GDP Report: US Economy Contracted By 1.4% In Q1 While Inflation Is Running At A 40 Year High “Eerily Resembles Stagflation of the 1970s”

WASHINGTON, D.C. (April 28, 2022)–U.S. economic activity unexpectedly contracted in the first three months of 2022 with lingering supply chain constraints, inflation, and disruptions amid Russia’s war in Ukraine weighing on growth.

The Bureau of Economic Analysis (BEA) released its initial estimate of first-quarter U.S. gross domestic product (GDP) Thursday at 8:30 a.m. ET. Here were the main metrics from the report, compared to consensus data compiled by Bloomberg:

  • GDP annualized, quarter-over-quarter: -1.4% vs. 1.0% expected, 6.9% in Q4

  • Personal Consumption:2.7% vs. 3.5% expected, 2.5% in Q4

  • Core Personal Consumption Expenditures, quarter-over-quarter: 5.2% vs. 5.5% expected, 5.0% in Q4

The GDP report will, as usual, serve as a backwards-looking overview of growth, capturing the January-through-March period. However, the metric is still an important indicator of the momentum the U.S. economy maintained at the start of this year — especially as some pundits now brace for the possibility of a recession in the near to medium term. 
Senator Chuck Grassley said in a tweet “Recent economic news that the economy contracted by 1.4% in Q1 while inflation is running at a 40 yr high eerily resembles stagflation of the 1970s. If Democrats reckless tax & spend agenda wasn’t dead before it ought 2b dead now”

And indeed, some of the points used to bolster the case for a downturn likely weighed on the pace of growth in the first quarter. Inflation has run at its hottest rate since the early 1980s, pressuring consumers’ propensity to spend. Plus, the Russia-Ukraine war has hit global supply chains that had yet to recover from the pandemic. More recently, a widespread COVID-19 outbreak that ramped up in China last month has also threatened to further hit supply chains and growth.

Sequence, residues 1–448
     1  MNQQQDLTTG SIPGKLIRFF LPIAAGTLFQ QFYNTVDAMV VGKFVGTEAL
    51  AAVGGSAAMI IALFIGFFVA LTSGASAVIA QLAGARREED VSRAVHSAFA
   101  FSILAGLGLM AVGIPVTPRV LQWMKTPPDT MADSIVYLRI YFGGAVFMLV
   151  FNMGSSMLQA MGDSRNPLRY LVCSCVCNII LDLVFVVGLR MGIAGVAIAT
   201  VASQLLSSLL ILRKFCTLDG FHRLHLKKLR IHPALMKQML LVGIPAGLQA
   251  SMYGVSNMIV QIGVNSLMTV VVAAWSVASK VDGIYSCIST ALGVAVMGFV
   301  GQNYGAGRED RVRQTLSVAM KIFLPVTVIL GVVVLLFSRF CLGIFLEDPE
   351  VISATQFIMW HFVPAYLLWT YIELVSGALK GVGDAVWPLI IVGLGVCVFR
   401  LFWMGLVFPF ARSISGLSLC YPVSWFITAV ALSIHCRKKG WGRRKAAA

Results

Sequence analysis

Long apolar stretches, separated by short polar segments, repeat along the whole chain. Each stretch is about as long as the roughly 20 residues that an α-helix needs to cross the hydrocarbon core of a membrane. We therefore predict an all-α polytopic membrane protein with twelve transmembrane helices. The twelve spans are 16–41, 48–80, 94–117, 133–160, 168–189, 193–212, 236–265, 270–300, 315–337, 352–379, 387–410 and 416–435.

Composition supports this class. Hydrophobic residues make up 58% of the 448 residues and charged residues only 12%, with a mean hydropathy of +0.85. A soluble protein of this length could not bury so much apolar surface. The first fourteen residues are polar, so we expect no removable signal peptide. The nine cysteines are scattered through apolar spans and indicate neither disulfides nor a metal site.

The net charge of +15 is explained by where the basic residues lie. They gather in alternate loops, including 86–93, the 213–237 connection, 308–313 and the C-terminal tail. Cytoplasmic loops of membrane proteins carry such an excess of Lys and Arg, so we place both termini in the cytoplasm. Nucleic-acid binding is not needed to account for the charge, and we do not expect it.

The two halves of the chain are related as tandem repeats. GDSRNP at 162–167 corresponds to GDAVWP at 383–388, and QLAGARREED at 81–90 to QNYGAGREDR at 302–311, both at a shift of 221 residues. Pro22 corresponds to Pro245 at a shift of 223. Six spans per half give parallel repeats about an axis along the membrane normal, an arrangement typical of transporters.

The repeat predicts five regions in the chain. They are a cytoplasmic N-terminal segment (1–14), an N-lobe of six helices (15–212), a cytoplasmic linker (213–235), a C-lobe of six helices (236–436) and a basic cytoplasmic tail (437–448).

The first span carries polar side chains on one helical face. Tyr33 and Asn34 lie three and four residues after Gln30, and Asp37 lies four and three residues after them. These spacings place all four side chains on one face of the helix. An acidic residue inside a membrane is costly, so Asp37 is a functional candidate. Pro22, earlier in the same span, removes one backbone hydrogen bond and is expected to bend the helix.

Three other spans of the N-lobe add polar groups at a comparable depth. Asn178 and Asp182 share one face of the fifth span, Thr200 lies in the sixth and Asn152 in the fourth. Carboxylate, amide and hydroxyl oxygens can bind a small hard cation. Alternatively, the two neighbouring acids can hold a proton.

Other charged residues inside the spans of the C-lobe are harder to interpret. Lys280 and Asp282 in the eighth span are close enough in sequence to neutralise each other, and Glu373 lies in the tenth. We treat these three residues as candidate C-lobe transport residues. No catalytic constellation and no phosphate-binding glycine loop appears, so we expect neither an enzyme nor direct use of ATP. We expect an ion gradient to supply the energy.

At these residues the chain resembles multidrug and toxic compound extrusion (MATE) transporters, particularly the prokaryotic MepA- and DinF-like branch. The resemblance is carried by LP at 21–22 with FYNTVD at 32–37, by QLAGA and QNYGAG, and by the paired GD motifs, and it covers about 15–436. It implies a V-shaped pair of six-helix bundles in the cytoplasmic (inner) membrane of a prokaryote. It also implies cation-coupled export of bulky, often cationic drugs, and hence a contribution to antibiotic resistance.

These myriad concerns will likely manifest in Thursday’s GDP report as drags from trade, or “net exports,” and inventories. Net exports have dragged on GDP for the past six consecutive quarters, and will likely do so for a seventh in the first quarter of 2022.

The U.S. goods trade deficit raced to a record high in March at more than $125 billion. Imports, which subtract from headline GDP, reached an all-time high and far outpaced exports. And though inventories rose in March, slowing inventory growth earlier in the quarter while supply chain challenges lingered is expected to ultimately pull down Q1 GDP.

Engineer working on electronics components
Engineer working on electronics components

“The primary driver of the slowdown is the large reversal in inventory accumulation, which we project to have subtracted two percentage points off headline GDP growth,” Sam Bullard, senior economist at Wells Fargo Corporate & Investment Banking, wrote in a note. “Net exports should also act as a drag on top-line growth, slicing off 0.6 percentage points.”

“On the positive side, we look for growth in both consumer spending and business investment to have picked up last quarter, an encouraging sign,” he added.

Consumer spending, which comprises about two-thirds of domestic activity, is expected to still provide a positive contribution to first-quarter GDP. Though spending slowed in the Commerce Department’s monthly retail sales reports, a rotation from goods to services spending during the pandemic recovery and still-resilient consumer savings levels have largely helped buoy consumption.

Business investment is also expected to boost GDP, as the reopening and solid consumer demand prompted companies to invest for future growth. Non-defense capital goods orders excluding aircraft, a monthly metric which helps approximate business investments, rose 1% in March, or double the consensus estimate.

“Overall, the core orders and shipments data are signaling positive momentum in business investment and equipment spending,” Rubeela Farooqi, chief U.S. economist for High Frequency Economics, wrote in a note on Tuesday. “However, there is downside risk to the manufacturing sector from the Ukraine war. Lockdowns in China are also likely to further strain supply networks and exacerbate shortages.”


Source: Yahoo News wrote the original article. Bee News Daily contributed to the article.

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